Air freight demand returns but space remains an issue

The latest air cargo figures from the International Air Transport Association, the trade association of the world’s airlines, shows that while demand is growing ahead of pre-Covid levels, capacity is impeding growth and keeping prices far above the pre-pandemic levels.

Measuring air freight demand by cargo tonne km (CTKs) IATA’s February 2021 figures show growth is up 1.5% on January 2021 and 9% on February 2019, with the latter figures particularly promising, as they are not distorted by the massive impact of Covid-19.

Illustrating the impact of the pandemic on the air transport sector, global capacity, measured in available cargo tonne km (ACTKs), declined by 14.9% compared with pre-Covid levels in February 2019, reflecting the unprecedented grounding of much of the world’s passenger aircraft fleet.

IATA represents 290 passenger airlines and cargo carriers – but not dedicated freighter carriers like Cargolux – which means its cargo figures are based solely on cargo carried in ‘belly-hold’ capacity.

With demand rising, the main challenge for air cargo is finding sufficient capacity and highlights the need for a safe industry restart, because understanding how passenger demand could recover will indicate how much belly capacity will be available for air cargo.

Air cargo demand is not just recovering from the COVID-19 crisis, it is growing significantly and with demand already 9% above pre-crisis levels, the main challenge facing shippers of time-sensitive cargo is finding sufficient capacity, which may mean looking beyond passenger carriers belly-hold, to cargo carriers and sea-air solutions, which offer rapid transits for far lower cost.

The need for a spread of time-sensitive solutions is particularly imperative, because so many factors are driving demand:

  • Conditions in the manufacturing sector are robust, with the global manufacturing Purchasing Managers’ Index (PMI) at 53.9 in February (results above 50 indicate manufacturing growth versus the prior month.)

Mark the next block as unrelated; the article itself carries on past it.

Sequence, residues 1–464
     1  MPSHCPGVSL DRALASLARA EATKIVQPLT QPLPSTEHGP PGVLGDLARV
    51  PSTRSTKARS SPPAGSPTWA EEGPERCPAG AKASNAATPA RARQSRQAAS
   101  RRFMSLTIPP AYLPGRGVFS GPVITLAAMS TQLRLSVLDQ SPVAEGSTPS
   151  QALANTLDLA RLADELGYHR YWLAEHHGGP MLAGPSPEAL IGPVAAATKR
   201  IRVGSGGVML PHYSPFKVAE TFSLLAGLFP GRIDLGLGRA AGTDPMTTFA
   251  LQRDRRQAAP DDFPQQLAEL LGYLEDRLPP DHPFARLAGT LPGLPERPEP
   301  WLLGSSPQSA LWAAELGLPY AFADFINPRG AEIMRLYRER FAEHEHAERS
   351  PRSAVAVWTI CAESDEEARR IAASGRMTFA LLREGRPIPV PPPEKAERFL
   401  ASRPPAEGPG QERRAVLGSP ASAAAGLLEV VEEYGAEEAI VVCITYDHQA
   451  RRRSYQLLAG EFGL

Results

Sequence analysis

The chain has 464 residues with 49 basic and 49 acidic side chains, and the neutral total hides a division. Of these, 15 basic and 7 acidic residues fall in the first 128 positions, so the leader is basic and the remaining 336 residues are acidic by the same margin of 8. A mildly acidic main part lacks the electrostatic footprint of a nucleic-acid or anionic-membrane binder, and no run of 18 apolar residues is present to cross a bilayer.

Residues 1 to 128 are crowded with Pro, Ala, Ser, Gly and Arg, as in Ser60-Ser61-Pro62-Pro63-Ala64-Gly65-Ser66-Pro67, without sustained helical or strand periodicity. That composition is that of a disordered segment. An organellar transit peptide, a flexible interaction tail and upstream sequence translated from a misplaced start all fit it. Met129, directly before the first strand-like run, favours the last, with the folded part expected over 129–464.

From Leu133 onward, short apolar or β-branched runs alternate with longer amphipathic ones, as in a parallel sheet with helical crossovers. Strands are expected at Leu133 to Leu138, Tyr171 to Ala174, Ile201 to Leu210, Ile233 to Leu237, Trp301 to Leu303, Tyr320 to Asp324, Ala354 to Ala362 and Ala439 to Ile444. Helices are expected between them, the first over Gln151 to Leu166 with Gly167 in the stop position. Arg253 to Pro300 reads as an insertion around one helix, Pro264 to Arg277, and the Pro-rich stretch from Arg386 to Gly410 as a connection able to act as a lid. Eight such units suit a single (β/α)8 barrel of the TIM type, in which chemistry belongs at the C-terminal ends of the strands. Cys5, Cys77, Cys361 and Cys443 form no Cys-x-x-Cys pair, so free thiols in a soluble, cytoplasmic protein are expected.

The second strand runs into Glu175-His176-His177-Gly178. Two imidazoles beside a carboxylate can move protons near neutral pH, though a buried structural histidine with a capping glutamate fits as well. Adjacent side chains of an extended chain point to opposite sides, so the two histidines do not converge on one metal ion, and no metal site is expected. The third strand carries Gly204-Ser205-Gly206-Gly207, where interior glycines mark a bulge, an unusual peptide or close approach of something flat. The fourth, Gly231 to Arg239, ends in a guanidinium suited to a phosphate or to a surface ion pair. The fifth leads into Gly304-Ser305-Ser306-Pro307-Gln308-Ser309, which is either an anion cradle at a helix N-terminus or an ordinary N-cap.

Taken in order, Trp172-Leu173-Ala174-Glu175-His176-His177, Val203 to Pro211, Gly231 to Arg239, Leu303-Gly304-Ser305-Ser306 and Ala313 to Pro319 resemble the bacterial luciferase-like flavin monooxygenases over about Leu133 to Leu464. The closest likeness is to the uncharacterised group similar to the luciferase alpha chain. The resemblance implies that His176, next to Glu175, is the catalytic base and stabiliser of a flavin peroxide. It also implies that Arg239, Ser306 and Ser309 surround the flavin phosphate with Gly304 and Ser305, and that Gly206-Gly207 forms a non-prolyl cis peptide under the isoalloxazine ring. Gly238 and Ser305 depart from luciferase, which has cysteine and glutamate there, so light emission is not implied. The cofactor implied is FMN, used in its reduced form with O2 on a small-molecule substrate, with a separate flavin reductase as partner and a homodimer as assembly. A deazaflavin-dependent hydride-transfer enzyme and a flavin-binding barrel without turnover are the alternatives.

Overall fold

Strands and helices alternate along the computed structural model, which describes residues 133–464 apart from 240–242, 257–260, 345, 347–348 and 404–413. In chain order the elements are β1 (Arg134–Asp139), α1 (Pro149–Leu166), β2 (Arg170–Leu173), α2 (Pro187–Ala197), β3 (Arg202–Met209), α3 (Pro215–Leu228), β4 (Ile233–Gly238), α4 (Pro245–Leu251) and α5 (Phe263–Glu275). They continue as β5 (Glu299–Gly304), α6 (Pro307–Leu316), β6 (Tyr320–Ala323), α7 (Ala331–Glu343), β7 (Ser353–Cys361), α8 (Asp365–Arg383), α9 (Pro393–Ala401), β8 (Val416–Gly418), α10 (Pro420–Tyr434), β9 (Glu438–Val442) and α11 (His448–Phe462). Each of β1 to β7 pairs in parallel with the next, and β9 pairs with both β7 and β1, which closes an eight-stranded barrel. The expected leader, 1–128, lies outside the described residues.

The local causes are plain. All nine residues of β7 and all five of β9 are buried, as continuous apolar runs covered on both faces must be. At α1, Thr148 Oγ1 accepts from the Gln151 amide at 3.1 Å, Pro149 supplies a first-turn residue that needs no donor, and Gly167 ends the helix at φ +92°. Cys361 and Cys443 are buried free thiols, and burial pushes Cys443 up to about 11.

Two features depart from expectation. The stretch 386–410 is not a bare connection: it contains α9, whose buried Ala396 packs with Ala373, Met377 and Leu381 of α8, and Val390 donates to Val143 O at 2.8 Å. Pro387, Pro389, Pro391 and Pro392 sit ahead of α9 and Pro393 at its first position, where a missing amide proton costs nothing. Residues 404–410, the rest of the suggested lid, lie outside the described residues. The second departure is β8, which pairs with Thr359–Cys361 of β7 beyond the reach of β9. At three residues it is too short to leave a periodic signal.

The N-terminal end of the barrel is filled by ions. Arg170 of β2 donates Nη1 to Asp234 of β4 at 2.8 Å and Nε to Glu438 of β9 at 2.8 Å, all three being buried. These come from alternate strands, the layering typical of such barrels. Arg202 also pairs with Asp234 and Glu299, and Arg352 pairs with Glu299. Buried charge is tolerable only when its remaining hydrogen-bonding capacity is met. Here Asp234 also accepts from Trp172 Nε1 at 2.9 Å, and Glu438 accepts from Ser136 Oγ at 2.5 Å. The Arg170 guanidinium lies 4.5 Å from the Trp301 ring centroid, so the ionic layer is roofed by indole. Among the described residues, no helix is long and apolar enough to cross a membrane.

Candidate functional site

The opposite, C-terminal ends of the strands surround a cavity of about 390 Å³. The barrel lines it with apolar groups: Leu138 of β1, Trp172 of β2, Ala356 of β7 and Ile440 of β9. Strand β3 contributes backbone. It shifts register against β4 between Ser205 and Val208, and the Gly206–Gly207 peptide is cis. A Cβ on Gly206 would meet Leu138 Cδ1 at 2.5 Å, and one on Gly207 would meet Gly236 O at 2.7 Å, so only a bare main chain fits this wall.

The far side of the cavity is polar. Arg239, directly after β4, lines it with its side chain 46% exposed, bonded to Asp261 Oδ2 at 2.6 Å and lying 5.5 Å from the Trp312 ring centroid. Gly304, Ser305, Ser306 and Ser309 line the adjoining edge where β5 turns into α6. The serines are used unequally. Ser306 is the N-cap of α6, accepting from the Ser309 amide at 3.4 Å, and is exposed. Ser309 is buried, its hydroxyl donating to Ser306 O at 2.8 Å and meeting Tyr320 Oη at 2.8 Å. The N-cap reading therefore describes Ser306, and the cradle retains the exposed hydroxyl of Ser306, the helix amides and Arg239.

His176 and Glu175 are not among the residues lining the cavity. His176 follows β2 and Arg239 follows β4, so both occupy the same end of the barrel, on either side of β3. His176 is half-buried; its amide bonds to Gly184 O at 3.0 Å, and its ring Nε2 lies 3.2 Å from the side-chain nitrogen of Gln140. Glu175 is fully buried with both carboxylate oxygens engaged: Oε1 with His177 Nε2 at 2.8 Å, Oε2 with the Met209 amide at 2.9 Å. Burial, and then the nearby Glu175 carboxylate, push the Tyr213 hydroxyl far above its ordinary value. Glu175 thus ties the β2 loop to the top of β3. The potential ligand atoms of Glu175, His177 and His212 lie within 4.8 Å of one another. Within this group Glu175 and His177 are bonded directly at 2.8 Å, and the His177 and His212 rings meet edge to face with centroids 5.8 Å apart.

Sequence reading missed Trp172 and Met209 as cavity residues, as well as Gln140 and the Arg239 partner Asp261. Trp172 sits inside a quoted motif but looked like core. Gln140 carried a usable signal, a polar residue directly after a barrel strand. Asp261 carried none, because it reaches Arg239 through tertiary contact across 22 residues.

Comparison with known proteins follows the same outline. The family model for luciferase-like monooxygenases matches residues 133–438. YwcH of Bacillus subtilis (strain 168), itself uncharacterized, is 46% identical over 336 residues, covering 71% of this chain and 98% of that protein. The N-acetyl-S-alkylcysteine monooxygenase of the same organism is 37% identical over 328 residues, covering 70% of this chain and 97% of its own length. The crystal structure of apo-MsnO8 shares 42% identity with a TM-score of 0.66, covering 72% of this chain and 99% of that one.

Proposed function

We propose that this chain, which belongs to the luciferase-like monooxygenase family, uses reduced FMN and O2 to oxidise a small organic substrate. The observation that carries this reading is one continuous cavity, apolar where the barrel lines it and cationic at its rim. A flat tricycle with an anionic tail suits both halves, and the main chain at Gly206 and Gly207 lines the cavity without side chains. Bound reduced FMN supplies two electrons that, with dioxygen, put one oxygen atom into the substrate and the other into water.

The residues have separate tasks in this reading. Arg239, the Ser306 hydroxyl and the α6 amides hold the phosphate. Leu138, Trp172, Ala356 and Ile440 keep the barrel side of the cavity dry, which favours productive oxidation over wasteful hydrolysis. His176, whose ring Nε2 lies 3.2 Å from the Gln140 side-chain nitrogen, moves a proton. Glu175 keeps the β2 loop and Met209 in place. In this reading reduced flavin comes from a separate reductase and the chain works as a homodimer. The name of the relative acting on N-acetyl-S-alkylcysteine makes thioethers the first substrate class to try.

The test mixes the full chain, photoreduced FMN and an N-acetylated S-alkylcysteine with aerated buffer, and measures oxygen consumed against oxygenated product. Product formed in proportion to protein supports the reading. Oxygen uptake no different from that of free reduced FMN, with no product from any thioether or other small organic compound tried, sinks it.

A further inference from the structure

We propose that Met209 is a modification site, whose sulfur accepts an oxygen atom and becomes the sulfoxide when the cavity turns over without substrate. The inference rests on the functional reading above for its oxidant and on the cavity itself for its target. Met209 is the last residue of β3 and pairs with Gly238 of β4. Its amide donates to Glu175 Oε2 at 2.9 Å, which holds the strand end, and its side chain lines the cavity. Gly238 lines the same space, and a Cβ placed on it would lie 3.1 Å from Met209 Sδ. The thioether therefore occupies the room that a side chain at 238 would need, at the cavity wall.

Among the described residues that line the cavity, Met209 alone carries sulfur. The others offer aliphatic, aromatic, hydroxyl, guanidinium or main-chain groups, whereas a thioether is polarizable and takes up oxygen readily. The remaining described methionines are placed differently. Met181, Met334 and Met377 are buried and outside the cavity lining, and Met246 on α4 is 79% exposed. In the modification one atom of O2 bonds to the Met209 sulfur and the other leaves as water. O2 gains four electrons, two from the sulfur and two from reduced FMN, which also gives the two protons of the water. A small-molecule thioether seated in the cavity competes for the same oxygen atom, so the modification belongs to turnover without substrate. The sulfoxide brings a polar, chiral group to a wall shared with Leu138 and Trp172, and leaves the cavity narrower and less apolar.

• The new export orders component of the manufacturing PMI – a leading indicator of air cargo demand– picked up compared to January.
  • Supply chain disruptions and the resulting delivery delays have led to long supplier delivery times (the second longest in the history of the PMI) which typically means manufacturers use air transport, to recover time lost during the production process.
  • Inventory levels remain relatively low compared to sales volumes which, historically, has meant businesses quickly refill their stocks, using air cargo.

Metro work closely with the world’s leading passenger airlines, cargo airlines, ‘preighter’ carriers and key hub partners to offer the widest range of time-sensitive solutions, routes and transit times, at the most competitive rates available in the current market.

We are currently reviewing charter operations to add additional capacity on specific routes, or where required by our customers and can, when appropriate provide dedicated charter solutions, with equipment matched to consignment and supply chain needs.

If you have urgent or time sensitive consignments and would like to explore options, transits and costs, please contact Elliot Carlile or Grant Liddell for all options available to ensure that deadlines are always met.